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Bistable structures have two stable equilibrium positions and can be utilized to maintain a specific static shape with no energy consumption. This dissertation focuses on the minimum required energy for performing snap-through of a bistable structure. Snap-through is the motion of a bistable structure from one stable equilibrium position to the other. This research uses the Duffing-Holmes equation as a one-degree-of-freedom representative model of a bistable structure, and this nonlinear equation is solved to calculate the required energy for cross-well **oscillation**. The research identifies several unique features of the response of a bistable system subjected to force and energy constraints. The research also shows how the required energy for cross-well **oscillation** varies as a function of damping ratio, **frequency** ratio, and for different values of excitation force amplitudes. The response of the bistable system is compared to a mono-stable linear system with the same parameters. A magneto-elastic bistable beam was fabricated and tested to validate theoretical predictions.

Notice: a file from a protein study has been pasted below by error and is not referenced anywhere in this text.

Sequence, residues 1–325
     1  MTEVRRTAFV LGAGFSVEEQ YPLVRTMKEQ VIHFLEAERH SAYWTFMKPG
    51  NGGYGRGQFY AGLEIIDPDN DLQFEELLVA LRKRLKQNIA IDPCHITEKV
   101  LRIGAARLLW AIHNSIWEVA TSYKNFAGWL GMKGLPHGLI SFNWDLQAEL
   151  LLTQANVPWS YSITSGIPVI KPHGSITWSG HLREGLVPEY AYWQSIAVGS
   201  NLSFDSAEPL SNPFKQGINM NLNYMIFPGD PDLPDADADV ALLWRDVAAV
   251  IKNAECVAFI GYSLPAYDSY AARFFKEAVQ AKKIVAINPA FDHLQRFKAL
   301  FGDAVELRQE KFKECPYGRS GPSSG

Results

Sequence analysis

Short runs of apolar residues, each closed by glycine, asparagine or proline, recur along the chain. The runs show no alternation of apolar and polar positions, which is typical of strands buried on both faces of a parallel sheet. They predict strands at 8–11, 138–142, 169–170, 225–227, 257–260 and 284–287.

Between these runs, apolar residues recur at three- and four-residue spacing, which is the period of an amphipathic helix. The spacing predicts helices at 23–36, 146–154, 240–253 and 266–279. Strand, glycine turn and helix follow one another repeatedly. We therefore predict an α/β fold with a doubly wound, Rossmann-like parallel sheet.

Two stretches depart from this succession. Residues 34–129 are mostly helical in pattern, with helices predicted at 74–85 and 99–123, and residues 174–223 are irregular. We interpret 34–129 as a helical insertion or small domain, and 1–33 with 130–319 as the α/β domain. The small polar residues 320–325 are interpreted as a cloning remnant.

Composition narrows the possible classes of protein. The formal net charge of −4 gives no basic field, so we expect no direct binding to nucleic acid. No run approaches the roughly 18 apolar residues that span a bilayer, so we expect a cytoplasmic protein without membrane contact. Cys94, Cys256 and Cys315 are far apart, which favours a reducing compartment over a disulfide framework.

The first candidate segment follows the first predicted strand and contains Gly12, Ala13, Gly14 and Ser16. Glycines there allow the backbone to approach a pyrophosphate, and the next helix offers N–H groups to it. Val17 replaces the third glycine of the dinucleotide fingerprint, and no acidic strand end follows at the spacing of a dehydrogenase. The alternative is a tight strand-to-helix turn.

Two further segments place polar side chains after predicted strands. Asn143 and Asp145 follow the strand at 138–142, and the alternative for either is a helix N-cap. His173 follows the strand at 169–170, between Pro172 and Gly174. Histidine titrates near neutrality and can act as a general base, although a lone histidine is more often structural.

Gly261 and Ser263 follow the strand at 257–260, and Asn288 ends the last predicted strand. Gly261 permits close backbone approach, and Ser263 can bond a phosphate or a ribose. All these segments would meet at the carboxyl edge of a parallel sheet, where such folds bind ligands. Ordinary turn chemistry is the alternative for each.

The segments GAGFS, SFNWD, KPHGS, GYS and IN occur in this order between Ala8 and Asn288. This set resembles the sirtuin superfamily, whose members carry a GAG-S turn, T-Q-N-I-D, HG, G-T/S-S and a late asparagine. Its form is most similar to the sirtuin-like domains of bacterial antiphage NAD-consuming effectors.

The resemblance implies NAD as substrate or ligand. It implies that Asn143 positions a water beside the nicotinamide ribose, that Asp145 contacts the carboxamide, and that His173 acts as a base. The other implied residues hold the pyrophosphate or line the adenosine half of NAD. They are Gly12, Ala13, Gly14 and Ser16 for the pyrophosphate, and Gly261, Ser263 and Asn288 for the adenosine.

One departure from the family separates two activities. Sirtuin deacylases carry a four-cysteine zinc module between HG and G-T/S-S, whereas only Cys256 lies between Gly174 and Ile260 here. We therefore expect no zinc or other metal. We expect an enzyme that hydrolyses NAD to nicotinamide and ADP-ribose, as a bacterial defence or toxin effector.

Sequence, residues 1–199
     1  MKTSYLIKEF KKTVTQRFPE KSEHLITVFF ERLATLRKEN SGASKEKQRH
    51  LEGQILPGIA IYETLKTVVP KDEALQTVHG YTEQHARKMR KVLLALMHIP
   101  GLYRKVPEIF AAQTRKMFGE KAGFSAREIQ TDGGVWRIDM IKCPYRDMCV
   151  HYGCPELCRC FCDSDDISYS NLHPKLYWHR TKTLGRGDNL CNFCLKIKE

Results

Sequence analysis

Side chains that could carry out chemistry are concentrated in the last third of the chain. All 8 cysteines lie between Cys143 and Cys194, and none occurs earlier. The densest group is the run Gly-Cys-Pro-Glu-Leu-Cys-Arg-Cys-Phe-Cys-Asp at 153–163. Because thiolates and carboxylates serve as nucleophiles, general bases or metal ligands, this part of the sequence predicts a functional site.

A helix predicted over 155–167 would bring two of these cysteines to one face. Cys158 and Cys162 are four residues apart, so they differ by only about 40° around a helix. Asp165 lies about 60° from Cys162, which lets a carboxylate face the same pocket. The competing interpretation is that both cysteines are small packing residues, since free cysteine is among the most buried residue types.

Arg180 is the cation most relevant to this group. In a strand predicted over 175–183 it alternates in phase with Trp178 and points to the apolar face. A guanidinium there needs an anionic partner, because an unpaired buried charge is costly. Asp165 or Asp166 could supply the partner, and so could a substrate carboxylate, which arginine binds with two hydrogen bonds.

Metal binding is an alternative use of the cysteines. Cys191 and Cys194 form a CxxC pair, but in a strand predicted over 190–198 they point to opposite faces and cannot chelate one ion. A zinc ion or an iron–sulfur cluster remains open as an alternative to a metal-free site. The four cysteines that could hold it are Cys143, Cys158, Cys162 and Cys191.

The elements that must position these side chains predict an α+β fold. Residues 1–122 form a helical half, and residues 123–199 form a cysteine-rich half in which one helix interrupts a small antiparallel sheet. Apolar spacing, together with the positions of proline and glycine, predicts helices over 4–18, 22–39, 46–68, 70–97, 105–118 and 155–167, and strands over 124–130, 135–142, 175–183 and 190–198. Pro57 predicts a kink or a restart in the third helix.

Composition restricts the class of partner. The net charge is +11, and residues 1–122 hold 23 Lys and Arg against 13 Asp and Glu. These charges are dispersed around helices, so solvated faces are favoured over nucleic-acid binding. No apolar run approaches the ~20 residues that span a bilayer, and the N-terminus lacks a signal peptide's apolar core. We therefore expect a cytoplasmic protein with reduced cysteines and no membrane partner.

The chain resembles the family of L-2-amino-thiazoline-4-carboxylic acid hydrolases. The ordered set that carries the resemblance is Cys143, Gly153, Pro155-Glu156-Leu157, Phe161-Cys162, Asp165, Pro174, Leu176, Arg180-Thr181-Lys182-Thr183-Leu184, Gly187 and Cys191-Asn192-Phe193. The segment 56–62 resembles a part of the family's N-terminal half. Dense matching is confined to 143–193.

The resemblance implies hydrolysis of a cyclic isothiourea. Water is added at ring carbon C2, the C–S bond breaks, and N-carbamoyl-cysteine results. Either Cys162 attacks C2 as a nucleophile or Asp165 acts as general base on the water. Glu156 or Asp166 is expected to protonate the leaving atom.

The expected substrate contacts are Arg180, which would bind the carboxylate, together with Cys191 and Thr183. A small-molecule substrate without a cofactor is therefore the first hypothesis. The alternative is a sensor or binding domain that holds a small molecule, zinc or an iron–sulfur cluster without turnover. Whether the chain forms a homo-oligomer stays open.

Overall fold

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A **frequency** domain solution method for nonlinear panel flutter with thermal effects using a consistent finite element formulation has been developed. The von Karman nonlinear strain-displacement relation is used to account for large deflections, the quasi-steady first-order piston theory is employed for aerodynamic loading and the quasi-steady thermal stress theory is applied for the thermal stresses with a given change of the temperature distribution, ΔΤ (x, y, z). The equation of motion under a combined thermal-aerodynamic loading can be mathematically separated into two equations and then solved in sequence: (1) thermal-aerodynamic postbuckling and (2) limit-cycle **oscillation**. The Newton-Raphson iteration technique is used to solve the nonlinear algebraic equations and an updated linearized eigen-solution procedure is adopted to solve the nonlinear differential equations. The finite-element **frequency** domain solution results are compared with numerical time integration results. Limit-cycle responses, flutter boundaries, snap-through areas and stress distributions are obtained from the present analyses. The effects of different temperature distributions, panel aspect ratios and boundary support conditions are investigated.